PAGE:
Cluny Crichton Castle
Cluny Crichton Castle
Cluny Crichton Castle Details
- Access: Private
- Condition: ruined
- First build century: 17th
- Closest To: Raemoir,Banchory,Torphins
- Grid Ref: NO686998
- Last use century: 18th
Cluny Crichton Castle can be found on a rising piece of farmland overlooking an area of drained marshland to the south. It can be seen from the A980 north-west of Banchory, and is a ruined tower house of the 17th century. To the west is the Burn of Cluny, which disappears into the extensive system of drainage ditches. The location is defensive, with good views to the south, but has no wider strategic significance as one might expect from the construction date.
The tower is built on an L-plan, with a square tower in the angle to the north-west, and was three storeys tall with an attic above. The upper storeys of the building have largely fallen, with the square tower surviving to a larger extent than the rest of the building. Above the entrance doorway is a panel which reads “16 Clu 66 Crichtoe” and there are two recesses for heraldic panels which are missing. The stairwell is lit with small windows, and the basement rooms also have tiny slits for light, showing that even at this late date defence was considered relevant at Cluny Crichton Castle. Two shot holes can also be seen in the basement, one defending the door, the other the approach to it. Joist holes in the walls show that there was no vaulting to the basement, normal for a mid 17th century tower house. Within the square tower, a round void housed the spiral stair leading to all floors, and several of the doorways to the staircore survive. The ground floor consisted of three rooms of roughly equal size, each of which could only be reached from the entrance hall. The central room was provided with a fireplace and a small adjacent cupboard, suggesting it was the kitchen. Ascending the stairs, at first floor level the door lead to the western room, perhaps serving as the dining hall of the castle. A doorway from here led to the room above the kitchen, which may have been a withdrawing room and was provided with a strong cupboard in the thickness of the stair tower wall, and a recess which may have served as a cupboard to store the silver. From here a door led to the north room, which was perhaps a further withdrawing room. All rooms were provided with fireplaces on the first floor. The second floor level has not survived well enough to suggest a layout, but was reached by a stair in the northern room, and also appears to have consisted of three interconnected rooms. The staircore ended in a watchroom slightly above this level, and the attics were reached via a stair from the northern room on the second floor. It is likely that the western rooms were considered a wing, and that the roofline had two ridges running north-south. There is no evidence of a courtyard or anciliary buildings surviving.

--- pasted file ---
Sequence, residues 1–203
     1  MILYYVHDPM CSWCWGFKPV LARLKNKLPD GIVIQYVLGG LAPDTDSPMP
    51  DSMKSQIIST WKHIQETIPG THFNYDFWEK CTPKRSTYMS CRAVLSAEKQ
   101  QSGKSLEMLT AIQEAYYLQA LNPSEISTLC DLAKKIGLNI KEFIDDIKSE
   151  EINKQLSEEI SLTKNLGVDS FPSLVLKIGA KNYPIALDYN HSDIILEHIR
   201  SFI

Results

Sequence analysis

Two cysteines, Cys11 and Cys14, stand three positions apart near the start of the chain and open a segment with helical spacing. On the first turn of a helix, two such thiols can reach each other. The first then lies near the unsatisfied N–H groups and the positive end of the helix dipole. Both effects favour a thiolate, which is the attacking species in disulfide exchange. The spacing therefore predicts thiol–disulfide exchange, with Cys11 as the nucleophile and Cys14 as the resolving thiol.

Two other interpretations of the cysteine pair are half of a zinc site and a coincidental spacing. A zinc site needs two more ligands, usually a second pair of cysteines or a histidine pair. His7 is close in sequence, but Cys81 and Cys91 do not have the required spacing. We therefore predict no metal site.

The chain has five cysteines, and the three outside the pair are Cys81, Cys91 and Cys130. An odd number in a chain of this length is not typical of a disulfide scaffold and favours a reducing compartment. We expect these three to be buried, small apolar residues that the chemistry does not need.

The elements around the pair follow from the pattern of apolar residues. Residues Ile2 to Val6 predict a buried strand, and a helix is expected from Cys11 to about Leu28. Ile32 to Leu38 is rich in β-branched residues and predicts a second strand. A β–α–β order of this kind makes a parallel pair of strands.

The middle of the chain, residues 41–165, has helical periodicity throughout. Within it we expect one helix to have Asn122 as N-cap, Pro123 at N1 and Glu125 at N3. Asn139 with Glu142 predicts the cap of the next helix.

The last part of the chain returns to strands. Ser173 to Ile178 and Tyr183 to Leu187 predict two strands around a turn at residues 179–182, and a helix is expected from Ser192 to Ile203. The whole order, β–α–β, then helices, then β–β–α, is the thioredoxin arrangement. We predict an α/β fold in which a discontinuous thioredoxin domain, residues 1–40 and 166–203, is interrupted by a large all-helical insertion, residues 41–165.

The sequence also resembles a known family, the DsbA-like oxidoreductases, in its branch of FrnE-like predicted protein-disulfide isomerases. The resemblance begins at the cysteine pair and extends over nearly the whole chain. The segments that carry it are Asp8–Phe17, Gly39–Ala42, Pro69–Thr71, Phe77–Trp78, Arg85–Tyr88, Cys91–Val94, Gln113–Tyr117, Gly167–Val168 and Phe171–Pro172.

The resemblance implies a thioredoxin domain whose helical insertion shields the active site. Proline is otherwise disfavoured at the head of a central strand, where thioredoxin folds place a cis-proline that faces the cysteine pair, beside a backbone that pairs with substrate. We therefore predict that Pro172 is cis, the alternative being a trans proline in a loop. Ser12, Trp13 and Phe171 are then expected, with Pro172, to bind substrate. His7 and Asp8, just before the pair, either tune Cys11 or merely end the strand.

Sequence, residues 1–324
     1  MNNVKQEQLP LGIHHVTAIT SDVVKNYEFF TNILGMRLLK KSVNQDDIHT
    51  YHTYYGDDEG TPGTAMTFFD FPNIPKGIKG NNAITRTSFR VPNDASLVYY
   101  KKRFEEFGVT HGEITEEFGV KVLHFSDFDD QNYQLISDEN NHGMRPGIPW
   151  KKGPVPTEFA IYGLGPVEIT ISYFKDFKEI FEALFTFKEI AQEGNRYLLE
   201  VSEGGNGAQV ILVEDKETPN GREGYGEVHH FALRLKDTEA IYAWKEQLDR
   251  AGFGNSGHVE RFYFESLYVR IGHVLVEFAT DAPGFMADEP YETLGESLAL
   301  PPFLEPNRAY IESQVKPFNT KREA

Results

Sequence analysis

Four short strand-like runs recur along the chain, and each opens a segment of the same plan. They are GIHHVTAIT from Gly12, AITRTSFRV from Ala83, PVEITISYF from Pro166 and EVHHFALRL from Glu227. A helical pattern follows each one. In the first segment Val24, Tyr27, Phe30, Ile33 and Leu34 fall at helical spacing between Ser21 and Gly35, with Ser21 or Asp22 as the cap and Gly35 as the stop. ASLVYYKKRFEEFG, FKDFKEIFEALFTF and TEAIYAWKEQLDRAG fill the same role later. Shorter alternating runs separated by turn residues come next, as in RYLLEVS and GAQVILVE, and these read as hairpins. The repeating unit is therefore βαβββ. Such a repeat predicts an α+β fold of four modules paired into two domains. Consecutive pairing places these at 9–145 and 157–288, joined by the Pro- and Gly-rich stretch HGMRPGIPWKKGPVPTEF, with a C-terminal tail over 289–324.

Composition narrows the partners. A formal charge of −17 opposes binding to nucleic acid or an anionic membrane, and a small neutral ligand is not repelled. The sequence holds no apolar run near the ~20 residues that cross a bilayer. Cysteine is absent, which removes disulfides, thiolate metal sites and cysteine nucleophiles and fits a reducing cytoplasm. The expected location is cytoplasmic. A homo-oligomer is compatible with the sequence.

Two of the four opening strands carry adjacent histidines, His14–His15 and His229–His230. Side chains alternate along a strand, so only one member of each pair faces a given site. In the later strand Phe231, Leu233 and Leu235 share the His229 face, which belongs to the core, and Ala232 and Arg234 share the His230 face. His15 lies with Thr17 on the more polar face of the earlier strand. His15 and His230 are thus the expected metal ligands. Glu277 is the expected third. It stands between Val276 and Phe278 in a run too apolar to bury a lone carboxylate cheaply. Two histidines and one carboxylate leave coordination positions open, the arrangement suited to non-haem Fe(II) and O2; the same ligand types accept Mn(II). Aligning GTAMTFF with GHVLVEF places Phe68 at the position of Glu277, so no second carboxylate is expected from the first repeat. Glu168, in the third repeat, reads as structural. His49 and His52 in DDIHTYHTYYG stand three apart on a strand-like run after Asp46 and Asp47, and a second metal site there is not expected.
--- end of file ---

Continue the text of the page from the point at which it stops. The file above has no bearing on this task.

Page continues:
Very little is known of the history of Cluny Crichton Castle. In 1640, Sir Thomas Burnett of Leys took possession of Cluny from Alexander Burnet of Cluny for a debt of 5255 marks, and granted it to the son of his second marriage, William Burnett. Cluny was inherited by Alexander Burnett in 1654 as heir to Sir Thomas, and in 1664 by his son, another Sir Thomas. There is no mention of a castle at this point. William Burnett had a sister, Elizabeth, who was married to Robert Douglas of Tilquhillie to the south of Banchory, and their daughter was a lady called Jean Douglas. In about 1665 she married George Crichton, said to have been a relative of the Lords Frendraught, and it is this couple who are believed to have built Cluny Crichton Castle. It seems probable that Cluny passed to Jean Douglas as a dowry, but the marriage was childless. There are a few references available that the castle reverted to the Douglases, but I’ve found no evidence to support this. The Douglases of Tilquhillie were crippled by debts associated with supporting Charles I, and Tilquhillie was handed over to their creditors, so perhaps Cluny Crichton was occupied by them since it was not part of the Douglas inheritance. The eventual fate of the castle is unknown, but as one corner has been completely demolished a deliberate destruction appears likely, perhaps during the Jacobite period. Today access is possible with the permission of the farmer, who offers self-catering accommodation on the farm.